Spending time riding rollers or the turbo trainer is a great way to maintain and improve fitness through the dark winter months. But it’s something most cyclists have learned to hate.

There are good reasons for this. Riding in the basement, staring at a wall, suffering through an interval workout is about as pleasurable as pulling teeth, or watching Sharknado on DVD.

American ex-pat David McQuillen, the man behind The Sufferfest, started making training videos to cure his own case of Turbo Trainer Boredom Syndrome (TTBS). Now based in Melbourne, Australia, the ‘King of Sufferlandria’ has a catalogue of 17 videos, training plans, a full line of clothing, and an army of Sufferlandrians that is growing daily. We take a look into the story behind the success of a brand built purely on torment.

In the beginning…

Dave mcquillin is the man behind the sufferfest: dave mcquillin is the man behind the sufferfest

The King of Sufferlandria himself

McQuillen, a former investment banker, came up with the idea for the Sufferfest while living in Zurich.

“The winters in Switzerland are pretty brutal, and I had to spend a lot of time on the turbo trainer. At the time I was training for cyclosportives; when I was on the trainer I was bored, and couldn’t get motivated to work hard,” he explained.

Having tried everything from television and movies, to spinning and cycling DVDs, McQuillen was still unable to motivate himself to work hard on the trainer.

“I remembered back to when my brother and I were racing as juniors in Pennsylvania. We would watch old clips of the Tour de France, and pretend we were climbing Alpe d’Huez with Bernard Hinault and Greg Lemond,” he said.

So McQuillen threw together a video using old Tour de France footage, with added music and simple onscreen instructions to guide the workouts.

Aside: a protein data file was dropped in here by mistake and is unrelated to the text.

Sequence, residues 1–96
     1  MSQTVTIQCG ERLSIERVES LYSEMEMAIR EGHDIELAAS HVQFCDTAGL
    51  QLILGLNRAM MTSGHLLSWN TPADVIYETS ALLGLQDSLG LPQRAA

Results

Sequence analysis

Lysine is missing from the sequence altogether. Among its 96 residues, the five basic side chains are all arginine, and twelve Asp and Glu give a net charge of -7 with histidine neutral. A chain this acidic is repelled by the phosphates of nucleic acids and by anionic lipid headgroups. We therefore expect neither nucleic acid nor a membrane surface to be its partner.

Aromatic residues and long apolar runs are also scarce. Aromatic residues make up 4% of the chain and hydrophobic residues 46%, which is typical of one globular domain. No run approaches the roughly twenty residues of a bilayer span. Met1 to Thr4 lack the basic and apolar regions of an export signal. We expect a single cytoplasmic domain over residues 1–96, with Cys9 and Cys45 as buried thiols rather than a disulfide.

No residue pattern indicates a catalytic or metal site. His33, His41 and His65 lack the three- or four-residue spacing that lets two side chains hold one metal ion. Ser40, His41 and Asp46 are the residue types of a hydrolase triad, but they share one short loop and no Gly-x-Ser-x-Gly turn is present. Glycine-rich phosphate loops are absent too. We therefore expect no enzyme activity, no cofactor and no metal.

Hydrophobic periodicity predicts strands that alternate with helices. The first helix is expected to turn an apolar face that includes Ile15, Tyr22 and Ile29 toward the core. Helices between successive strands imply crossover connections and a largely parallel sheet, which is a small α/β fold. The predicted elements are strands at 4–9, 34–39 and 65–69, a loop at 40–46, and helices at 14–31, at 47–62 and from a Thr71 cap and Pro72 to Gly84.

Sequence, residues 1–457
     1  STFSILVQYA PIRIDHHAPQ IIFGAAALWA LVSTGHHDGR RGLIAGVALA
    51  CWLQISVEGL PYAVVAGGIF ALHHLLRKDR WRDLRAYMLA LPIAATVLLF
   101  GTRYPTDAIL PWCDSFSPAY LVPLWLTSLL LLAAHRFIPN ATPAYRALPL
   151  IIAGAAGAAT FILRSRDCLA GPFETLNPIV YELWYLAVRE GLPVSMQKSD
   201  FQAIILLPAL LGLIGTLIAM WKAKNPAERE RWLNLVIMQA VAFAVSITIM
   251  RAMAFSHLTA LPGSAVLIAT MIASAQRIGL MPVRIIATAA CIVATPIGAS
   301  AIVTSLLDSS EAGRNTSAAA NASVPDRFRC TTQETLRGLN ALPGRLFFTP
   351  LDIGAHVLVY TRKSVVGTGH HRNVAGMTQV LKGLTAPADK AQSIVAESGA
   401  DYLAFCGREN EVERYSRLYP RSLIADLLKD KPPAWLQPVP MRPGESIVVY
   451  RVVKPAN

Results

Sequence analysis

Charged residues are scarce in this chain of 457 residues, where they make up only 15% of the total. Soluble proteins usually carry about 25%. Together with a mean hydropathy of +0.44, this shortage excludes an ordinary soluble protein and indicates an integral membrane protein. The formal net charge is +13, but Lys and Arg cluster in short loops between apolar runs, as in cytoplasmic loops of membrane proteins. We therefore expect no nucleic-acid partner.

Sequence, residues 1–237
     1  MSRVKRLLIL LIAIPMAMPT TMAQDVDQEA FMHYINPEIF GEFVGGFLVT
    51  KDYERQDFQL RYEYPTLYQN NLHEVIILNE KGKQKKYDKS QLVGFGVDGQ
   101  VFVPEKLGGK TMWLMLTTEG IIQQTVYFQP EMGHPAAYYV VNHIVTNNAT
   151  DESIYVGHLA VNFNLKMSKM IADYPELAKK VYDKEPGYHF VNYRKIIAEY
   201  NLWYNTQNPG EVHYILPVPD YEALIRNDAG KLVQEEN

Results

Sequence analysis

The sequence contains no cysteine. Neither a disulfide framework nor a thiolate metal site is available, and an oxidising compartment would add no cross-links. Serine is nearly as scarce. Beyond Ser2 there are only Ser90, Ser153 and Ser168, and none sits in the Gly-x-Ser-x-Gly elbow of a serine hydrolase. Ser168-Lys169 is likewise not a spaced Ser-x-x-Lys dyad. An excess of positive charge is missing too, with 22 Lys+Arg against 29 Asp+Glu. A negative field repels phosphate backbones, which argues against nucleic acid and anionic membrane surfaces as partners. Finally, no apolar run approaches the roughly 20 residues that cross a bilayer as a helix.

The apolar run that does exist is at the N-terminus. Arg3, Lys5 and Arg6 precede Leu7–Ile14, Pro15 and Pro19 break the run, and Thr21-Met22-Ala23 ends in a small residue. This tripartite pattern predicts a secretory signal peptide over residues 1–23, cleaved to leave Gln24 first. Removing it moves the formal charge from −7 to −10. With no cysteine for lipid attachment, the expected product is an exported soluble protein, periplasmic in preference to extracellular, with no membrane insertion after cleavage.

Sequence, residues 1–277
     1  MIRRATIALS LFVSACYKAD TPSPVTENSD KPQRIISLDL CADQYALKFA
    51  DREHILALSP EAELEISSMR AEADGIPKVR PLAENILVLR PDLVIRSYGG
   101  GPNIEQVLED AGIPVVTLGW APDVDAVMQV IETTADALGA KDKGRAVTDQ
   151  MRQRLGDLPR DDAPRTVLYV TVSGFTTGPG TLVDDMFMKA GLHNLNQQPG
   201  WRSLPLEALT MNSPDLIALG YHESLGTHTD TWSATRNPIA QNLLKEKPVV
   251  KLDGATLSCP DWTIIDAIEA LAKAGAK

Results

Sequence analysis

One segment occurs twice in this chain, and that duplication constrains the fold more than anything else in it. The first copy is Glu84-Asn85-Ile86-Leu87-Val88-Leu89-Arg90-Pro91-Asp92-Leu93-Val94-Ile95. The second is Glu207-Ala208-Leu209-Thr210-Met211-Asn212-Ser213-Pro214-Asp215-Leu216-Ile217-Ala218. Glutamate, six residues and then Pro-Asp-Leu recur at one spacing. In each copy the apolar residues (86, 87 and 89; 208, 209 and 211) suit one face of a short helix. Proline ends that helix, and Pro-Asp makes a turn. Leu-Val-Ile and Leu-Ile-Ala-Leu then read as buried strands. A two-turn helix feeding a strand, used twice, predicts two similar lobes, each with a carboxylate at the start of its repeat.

“I showed a couple of my friends, and next thing I know I am making videos. I wanted to do it legally, so I approached the ASO and the UCI to see if I could get rights; and that was really complicated because they were used to selling rights to broadcasters,” McQuillen said. “They had no idea how to sell me what I was looking for.”

Now holding exclusive rights with the UCI, ASO, IMG and the Challenge Family, the videos feature footage from the Tour de France, Giro d’Italia, Flanders Classics, Milan-San Remo, and Amstel Gold among many others.

Beginning as a creative outlet, the success of the videos has allowed McQuillen to take his hobby and turn it into a career.

“When all this was happening I was working at Credit Suisse bank and making the videos in my spare time. We put the videos on the web, and sales started trickling in,” McQuillen continued. “I just loved doing it. I was teaching myself how to edit video and sound; and learning to run an online business. Now here we are today, and I don’t work in banking anymore,” he says.

The citizens of Sufferlandria

Some of dave mcquillens favorite bits of fan mail: some of dave mcquillens favorite bits of fan mail

A choice example of McQuillen’s fan mail…

Now playing in more than 50 countries, the population of the mythical country of Sufferlandria is growing daily. With more than 116,000 fans on Facebook and 11,000 Twitter followers, the Sufferfest has built a massive following through the videos.